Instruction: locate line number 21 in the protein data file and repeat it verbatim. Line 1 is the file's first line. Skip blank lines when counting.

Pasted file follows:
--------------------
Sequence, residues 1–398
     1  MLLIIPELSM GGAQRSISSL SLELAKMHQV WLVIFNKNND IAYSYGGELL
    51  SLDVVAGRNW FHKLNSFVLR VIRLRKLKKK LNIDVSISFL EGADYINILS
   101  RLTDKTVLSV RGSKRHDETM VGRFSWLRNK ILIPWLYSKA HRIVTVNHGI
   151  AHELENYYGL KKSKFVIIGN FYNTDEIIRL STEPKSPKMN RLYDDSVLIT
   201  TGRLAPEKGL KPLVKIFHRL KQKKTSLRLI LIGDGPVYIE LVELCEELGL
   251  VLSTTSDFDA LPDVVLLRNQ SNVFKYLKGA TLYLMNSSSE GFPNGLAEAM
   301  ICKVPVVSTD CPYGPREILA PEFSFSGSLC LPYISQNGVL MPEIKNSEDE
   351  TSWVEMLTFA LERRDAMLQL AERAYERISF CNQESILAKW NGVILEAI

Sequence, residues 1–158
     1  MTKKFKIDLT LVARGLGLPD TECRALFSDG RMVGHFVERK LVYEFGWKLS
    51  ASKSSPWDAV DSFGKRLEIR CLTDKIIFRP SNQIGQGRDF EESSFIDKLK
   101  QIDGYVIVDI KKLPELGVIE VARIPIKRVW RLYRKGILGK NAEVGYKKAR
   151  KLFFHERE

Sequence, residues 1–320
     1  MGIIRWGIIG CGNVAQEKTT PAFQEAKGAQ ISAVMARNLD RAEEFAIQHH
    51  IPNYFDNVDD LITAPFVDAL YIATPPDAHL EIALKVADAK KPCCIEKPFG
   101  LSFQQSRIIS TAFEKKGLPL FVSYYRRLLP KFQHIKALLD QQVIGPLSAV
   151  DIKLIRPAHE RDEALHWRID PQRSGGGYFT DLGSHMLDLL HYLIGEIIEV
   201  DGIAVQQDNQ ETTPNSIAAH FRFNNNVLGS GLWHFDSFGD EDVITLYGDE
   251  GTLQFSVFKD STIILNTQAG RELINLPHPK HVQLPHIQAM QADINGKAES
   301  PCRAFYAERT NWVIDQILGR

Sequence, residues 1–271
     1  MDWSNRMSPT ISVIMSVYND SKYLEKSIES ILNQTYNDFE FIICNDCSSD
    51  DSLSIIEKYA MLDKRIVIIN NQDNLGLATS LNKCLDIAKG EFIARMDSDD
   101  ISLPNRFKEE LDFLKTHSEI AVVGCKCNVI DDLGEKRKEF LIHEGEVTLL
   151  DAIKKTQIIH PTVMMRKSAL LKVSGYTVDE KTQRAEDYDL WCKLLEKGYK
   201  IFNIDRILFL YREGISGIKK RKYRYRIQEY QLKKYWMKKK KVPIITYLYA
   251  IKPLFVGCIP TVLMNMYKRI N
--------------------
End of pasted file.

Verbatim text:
   251  GTLQFSVFKD STIILNTQAG RELINLPHPK HVQLPHIQAM QADINGKAES